Apron. Tied to a fire escape. WHY IS THE APRON THERE?!? Nobody knows.

This is both sad and fabulous to me.

Becca, Kelsey, and Anne. Chillin'.

The artsiness plus that cramazing fan make this one of my favorite photos of me ever. My photog friends are great for my ego. ; )

Sorry for all the weird frame sizes. I pretend to know what I’m doing with this thing called Com Pewt Errr, but it doesn’t always work out.

Of Skunks, Trespassing, and Dapper Defiance of Death

In-between and all around this awesome artsiness, the following took place:

We wampished** about in alleys,

avoided a weaving sort of fellow in a cowboy hat outside a place called the “Blow Out Club,”

called “here, kitty, kitty” to some animals we belatedly recognized as skunks,

trespassed on private property to take shots on the hood of a fantabulous, ancient, orange Ford truck,

composed an awkward “all-the-girls-grab-each-other” shot,

leapt into the air screaming like banshees,

and ran shrieking toward an oncoming train***.

There were also quite a few that’s-what-she-saids.

That was fun, too. ; )

_______________________

*This is actually listed in Wiktionary. Oh, the times in which we live.

**I picked this word up I don’t know where, but my notes tell me it’s Scottish dialect for “to wave about or flop to and fro.” I am open to correction on this.

***No photographers were harmed in the making of this photowalk.

When The Salmon Speaks, Do You Listen?

This made sense when I drew it. I swear.

Or: The One That Got Away

Last night, Trish and Becca came over to help me select a few of my paintings to donate to the Consortium’s art fundraiser. Afterward, Becca and I chatted about all things artsy, including noveling and blogging.

As I was replacing paintings on my overloaded art shelves, Becca said, “I almost had this great idea for a new story…but it didn’t quite materialize, and now I can’t remember it.”

I nodded in sympathy, having experienced such non-remembering of ideas more times than I care to not-forget. For a few moments, we discussed the merits of Writing Things Down, and then I remembered something.

“You know,” I said, “I just remembered something. I read somewhere that if we don’t quite remember a story idea, then maybe it wasn’t a valid story idea after all. If it really is The One, it’ll probably pop up again, even if we don’t write it down.”

Story Ideas Eat My Worms

Grandpa used to take us kids fishing every summer when my parents and I congregated with aunts, uncles, and cousins at the grandparental home in Oklahoma. We’d go out to a family friend’s property and fish from this rickety, ancient, sagging wooden bridge (which was okay for the ’80s but probably wouldn’t hold water [ha ha] with any safety standard of today).

Sometimes, we caught a fish, and there was much rejoicing, since Grandpa would be the one to clean it. Most times, though, we’d feel a twitch on our line, yank our fishing pole back, and reel in nothing but a soggy, half-eaten worm who was definitely not having a good day. Those crafty fish knew just how much to nibble without getting themselves in trouble. Which goes to show that a catfish is smarter than a 9-year-old human.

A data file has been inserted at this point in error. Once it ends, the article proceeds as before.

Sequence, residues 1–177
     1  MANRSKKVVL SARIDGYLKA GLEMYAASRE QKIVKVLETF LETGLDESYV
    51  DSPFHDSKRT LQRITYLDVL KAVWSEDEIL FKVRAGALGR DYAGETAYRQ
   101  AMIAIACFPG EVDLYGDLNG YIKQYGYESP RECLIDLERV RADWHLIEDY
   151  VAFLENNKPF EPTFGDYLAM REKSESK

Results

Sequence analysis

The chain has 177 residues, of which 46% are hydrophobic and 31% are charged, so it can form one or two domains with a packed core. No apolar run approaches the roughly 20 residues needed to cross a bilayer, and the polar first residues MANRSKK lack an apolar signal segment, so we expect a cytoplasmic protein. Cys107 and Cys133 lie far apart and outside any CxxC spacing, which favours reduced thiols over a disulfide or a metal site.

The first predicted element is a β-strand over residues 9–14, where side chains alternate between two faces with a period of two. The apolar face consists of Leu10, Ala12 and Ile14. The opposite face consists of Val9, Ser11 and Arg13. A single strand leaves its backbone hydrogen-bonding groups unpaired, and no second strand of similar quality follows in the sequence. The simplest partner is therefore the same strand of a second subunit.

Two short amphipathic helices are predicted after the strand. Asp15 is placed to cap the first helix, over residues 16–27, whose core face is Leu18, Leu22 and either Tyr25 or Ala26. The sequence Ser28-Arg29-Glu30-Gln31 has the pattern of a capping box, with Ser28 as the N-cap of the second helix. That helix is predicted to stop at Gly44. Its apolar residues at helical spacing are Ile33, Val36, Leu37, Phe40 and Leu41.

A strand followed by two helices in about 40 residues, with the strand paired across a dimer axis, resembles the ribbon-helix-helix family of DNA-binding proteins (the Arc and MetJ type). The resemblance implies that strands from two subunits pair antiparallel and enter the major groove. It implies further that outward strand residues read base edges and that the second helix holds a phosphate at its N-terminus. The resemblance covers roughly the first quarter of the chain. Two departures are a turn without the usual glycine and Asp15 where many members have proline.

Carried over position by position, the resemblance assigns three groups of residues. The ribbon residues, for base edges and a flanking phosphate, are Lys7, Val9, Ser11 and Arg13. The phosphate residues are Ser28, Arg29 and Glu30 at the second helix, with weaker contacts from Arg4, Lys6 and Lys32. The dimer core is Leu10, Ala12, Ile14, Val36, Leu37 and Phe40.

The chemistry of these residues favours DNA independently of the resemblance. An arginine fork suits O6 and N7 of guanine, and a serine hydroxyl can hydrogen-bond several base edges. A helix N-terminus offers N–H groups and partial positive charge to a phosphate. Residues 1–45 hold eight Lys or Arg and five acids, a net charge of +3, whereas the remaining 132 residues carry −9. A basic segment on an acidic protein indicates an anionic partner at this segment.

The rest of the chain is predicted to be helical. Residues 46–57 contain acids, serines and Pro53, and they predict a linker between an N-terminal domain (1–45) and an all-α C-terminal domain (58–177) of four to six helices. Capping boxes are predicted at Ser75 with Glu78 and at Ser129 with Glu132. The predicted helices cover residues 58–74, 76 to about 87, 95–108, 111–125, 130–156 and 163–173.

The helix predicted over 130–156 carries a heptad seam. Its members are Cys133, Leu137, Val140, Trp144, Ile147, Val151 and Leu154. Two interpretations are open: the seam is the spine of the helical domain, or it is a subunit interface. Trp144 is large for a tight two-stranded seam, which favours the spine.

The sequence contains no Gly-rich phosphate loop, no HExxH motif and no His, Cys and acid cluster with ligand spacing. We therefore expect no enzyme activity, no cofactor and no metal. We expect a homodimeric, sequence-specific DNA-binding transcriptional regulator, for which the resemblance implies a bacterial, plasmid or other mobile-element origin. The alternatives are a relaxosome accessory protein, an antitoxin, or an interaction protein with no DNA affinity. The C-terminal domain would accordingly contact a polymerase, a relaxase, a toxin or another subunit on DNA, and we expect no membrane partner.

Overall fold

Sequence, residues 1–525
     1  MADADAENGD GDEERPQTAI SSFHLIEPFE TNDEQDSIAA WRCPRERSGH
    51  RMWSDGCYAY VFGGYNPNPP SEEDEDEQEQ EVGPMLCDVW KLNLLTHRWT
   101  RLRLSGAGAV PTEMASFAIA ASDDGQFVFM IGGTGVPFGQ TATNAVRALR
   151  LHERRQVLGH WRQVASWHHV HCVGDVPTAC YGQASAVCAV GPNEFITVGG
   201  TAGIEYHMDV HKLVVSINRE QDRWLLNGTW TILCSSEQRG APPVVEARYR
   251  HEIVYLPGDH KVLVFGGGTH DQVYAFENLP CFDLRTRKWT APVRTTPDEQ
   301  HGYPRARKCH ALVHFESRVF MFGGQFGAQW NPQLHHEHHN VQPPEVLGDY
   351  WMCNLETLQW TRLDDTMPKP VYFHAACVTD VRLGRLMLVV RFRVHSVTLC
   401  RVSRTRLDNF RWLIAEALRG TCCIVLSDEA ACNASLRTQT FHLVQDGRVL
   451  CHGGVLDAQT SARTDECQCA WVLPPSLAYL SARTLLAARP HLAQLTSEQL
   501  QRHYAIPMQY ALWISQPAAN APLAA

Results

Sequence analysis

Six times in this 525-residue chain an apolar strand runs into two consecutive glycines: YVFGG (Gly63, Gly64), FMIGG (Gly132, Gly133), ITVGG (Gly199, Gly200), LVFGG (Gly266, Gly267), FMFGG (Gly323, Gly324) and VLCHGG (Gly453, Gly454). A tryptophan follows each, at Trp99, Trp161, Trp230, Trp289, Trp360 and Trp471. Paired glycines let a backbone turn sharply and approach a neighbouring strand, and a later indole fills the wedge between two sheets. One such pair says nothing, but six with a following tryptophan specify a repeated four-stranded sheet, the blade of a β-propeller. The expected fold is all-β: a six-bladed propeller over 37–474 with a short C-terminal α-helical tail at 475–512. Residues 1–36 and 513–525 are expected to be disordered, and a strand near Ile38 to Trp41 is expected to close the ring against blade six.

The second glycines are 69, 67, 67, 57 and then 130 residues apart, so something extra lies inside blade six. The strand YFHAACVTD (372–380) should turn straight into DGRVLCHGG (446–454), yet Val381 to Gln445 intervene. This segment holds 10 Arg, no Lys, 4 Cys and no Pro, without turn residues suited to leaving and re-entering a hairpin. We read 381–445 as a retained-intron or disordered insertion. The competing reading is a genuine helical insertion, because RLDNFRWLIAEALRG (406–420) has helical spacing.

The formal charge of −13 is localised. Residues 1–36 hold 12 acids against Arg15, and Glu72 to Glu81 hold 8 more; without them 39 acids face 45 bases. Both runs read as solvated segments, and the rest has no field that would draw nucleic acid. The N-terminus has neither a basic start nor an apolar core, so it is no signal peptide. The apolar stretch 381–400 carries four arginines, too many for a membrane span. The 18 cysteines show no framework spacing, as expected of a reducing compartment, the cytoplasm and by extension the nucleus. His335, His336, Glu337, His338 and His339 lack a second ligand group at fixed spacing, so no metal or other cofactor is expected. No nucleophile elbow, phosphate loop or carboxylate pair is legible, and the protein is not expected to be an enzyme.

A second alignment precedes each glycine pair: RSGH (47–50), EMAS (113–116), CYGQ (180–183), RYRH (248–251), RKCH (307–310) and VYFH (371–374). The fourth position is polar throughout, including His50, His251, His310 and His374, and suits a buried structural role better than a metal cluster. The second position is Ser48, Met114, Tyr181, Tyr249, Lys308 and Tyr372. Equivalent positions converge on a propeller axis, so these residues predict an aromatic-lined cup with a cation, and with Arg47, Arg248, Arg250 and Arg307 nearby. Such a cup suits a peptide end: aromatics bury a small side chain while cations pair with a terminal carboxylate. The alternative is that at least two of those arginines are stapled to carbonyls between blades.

Last night, after Becca went home, I had an absolutely cramazing idea for a blog post.

I didn’t write it down.

This morning, I woke up not to a bright, sparkly new idea — but to a half-eaten, soggy, grumpy worm.

Big Fish Story

No! It really was that big! I promise!

I remember things about that blog post idea. It was gonna be smart, it was gonna be snarky-funny, and it was gonna give you dear inklings some great how-to-do-something info. That unwritten, now much-lamented blog post was going to be one of my best yet. It was gonna be The One.

It got away.

So now, I’m asking myself: Was that really The One? If it were The One, wouldn’t it have stuck around? Since all I ended up with was mangled bait, does that mean the Big One is still lurking out there somewhere?

And that thought leads to the image of me, wading out into the deep and getting half a leg bitten off by something that I wouldn’t have wanted on my line in the first place.

Ideas can be scary. Some of them have sharp teeth and are big enough to swallow you whole. They wait out there where it’s dark and deep, and oh, they move fast. I picture them as deep-sea angler fish the size of a VW Beetle.

Gone Fishin’

So, if you clicked through to that angler fish picture, you’ve now seen one of my greatest fears. Angler fish fascinate me — mostly because I find the sight of them terrifying. (Imagine my surprise and relief when, a few years back, I found out they’re about the size of my hand. Or smaller. No VWs, thank goodness.)

But, in spite of my fear, I still go fishin’. No, I’ve never fished out on the ocean — but even when I’m standing on the bank of a placid Oklahoma lake, my imagination supplies the endlessly deep water and the lurking, fishy creepazoids, thank you very much. Those shiver-your-spine thoughts don’t deter me from fishing…

…but still, let’s just say I’ll never become a noodler. ; )

Gone Writin’

So, what about this write-it-or-lose-it thing? Honestly, I can’t tell ya. I carry my scribblebook with me almost everywhere, and I’m always jotting down something. Are they all viable ideas? No. I’ve stuck a few soggy worms in there. Sometimes, the simple act of writing myself a note tells me that I won’t be looking at this idea again.

But still, I write ’em down, even if they’re nothing but water-logged mush. Because if I don’t write it down, I’ll always remember that flash of fin, that brief flick of a tail, and I’ll always wonder,

Was that The One?

______________________

And you, dear inklings? Do you keep a scribblebook? How faithful are you in recording those half-glimpsed ideas?

Or do you prefer the scribble-on-scraps technique of trapping those elusive ideas?

If you don’t capture an idea, do you choose to believe it wasn’t viable in the first place?

The Most Difficult Thing in the World–in the Shower

Idea Lizard with Vacuum Hose

Recently, I got inspired when Becca talked about what really happens in the shower.

Before you all click through en masse to find out the details, I’ll tell you the gist of what Becca was getting at: the power of verbalizing ideas and the precious instances in which we get those ideas.

Lizards